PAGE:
In all the study sites, case managers report that encouraging the participation of all TANF recipients in a standard set of work activities (primarily job search) is an ongoing challenge because of the broad array of personal and family challenges clients face. Case managers rely on alternative program options when they are available and needed but feel that their efforts to address clients' individual circumstances often are constrained because of the emphasis on engaging recipients in a standard set of countable work activities. While they have some flexibility to modify recipients' employment plans, case managers would prefer a system that routinely permits them to engage recipients in a broader range of program activities. They also feel that their efforts to address recipients' individual needs are hampered by recipients themselves. Despite routine assessments, case managers report that many personal and family challenges often remain unidentified until after participation problems arise.

Imposing TANF Sanctions: How Often, On Whom, and With What Outcomes?

The implementation of more stringent sanctions has raised the level of interest in understanding how often sanctions are imposed, on whom, and with what outcomes. Information on the frequency of sanctions can help us understand the role sanctions play in encouraging participation in work-related activities and helping families move towards self-sufficiency. It can also help us estimate how many recipients might be at risk of adverse consequences associated with the imposition of sanctions. Comprehensive information on sanctioned recipients can enhance our understanding of the demographic characteristics associated with higher rates of sanctioning and determine whether families facing personal and family challenges are at higher risk of sanctions. Finally, this information, combined with information on the employment of sanctioned recipients, can answer questions about how sanctioned recipients are faring.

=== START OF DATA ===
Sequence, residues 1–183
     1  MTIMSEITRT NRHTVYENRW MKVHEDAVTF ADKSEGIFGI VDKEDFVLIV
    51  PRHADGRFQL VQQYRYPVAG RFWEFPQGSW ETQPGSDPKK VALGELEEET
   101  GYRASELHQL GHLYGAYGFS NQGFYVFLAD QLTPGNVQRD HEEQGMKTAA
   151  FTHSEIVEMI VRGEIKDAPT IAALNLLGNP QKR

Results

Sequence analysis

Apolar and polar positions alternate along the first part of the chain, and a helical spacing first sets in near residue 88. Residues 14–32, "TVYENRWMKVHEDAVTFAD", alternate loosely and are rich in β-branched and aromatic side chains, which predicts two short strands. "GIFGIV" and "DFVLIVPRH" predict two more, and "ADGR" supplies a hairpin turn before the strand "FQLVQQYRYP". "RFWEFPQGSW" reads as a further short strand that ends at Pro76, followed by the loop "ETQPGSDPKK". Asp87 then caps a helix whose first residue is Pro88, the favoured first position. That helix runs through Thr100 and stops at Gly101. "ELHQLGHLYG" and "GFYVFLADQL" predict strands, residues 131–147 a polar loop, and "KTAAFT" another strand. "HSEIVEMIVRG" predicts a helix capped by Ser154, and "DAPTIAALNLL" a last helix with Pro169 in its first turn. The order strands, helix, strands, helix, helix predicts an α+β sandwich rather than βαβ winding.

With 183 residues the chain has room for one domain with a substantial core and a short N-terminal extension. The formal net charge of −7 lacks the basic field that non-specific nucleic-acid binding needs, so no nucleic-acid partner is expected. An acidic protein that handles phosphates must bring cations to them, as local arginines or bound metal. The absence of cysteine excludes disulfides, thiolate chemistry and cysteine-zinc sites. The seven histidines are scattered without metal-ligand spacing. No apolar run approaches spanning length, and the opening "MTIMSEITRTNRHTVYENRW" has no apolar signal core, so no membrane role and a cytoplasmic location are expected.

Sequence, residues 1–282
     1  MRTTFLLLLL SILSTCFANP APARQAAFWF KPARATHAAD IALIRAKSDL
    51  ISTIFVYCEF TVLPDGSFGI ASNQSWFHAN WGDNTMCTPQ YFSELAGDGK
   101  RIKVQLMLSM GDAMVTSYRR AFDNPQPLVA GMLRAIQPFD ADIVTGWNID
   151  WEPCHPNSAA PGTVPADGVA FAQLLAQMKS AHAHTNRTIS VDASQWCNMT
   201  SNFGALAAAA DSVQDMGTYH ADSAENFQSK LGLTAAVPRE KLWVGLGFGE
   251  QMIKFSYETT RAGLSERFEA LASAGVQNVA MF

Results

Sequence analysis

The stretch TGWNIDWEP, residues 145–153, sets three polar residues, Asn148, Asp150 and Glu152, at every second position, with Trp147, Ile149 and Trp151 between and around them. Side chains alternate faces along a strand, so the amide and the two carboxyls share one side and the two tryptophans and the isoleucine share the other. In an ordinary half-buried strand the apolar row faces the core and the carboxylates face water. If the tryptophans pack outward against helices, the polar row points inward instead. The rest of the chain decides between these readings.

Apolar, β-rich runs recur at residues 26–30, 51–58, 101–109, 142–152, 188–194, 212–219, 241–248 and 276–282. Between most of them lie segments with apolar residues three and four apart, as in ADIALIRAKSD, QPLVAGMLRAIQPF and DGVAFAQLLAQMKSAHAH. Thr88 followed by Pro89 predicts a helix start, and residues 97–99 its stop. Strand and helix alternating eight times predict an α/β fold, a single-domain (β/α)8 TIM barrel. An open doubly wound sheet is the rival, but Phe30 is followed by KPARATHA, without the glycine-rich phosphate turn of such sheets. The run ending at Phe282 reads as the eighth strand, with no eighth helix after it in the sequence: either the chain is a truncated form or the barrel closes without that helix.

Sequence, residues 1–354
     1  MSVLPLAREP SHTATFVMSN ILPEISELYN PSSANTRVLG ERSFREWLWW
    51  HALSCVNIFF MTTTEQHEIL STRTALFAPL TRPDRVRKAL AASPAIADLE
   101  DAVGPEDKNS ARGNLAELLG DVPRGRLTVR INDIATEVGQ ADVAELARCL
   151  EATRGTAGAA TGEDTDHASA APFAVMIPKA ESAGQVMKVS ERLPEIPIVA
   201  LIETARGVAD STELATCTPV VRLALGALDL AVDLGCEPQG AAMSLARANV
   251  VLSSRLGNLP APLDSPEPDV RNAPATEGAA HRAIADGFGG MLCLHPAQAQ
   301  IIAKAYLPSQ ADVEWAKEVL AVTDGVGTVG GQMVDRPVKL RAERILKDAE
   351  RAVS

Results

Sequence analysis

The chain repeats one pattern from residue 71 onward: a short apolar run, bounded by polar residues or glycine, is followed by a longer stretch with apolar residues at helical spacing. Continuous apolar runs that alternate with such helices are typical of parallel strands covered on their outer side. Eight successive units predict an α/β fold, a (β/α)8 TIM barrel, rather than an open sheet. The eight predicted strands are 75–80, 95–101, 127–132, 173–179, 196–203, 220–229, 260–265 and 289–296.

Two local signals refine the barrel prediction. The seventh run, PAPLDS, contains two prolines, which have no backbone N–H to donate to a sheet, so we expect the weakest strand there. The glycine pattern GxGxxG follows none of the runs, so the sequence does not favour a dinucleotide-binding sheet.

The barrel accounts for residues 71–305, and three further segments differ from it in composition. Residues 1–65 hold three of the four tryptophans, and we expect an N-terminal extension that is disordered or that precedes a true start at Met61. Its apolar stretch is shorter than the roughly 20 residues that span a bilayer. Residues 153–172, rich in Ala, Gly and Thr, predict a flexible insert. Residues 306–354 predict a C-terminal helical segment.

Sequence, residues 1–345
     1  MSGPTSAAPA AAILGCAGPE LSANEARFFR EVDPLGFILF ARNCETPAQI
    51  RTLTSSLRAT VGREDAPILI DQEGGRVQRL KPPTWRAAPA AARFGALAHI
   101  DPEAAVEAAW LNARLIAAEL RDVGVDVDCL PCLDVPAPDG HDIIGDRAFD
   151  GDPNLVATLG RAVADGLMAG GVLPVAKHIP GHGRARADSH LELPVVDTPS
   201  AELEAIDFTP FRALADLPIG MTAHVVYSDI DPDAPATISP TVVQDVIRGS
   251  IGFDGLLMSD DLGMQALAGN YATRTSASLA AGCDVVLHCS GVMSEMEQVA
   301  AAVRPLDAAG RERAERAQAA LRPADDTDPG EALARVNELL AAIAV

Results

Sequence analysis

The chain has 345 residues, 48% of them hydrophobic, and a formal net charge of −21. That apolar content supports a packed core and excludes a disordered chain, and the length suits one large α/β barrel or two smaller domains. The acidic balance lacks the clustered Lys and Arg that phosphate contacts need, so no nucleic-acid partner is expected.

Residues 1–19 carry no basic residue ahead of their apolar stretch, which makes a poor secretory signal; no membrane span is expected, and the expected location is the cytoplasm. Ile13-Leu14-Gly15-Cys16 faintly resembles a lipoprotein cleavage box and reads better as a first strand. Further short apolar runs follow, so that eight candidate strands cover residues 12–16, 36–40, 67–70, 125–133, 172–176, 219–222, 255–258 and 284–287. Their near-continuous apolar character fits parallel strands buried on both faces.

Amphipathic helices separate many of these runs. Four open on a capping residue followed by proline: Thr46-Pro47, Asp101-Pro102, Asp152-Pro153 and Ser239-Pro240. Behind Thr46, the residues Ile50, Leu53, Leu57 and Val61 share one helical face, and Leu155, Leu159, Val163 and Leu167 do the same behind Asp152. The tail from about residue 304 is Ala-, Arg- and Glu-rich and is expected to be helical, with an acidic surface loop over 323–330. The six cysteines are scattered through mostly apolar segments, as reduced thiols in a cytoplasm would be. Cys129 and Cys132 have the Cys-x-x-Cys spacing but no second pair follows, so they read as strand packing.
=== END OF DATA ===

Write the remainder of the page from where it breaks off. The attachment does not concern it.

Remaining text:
This chapter uses administrative and survey data from the three study states to answer five research questions:

  • How often are sanctions imposed?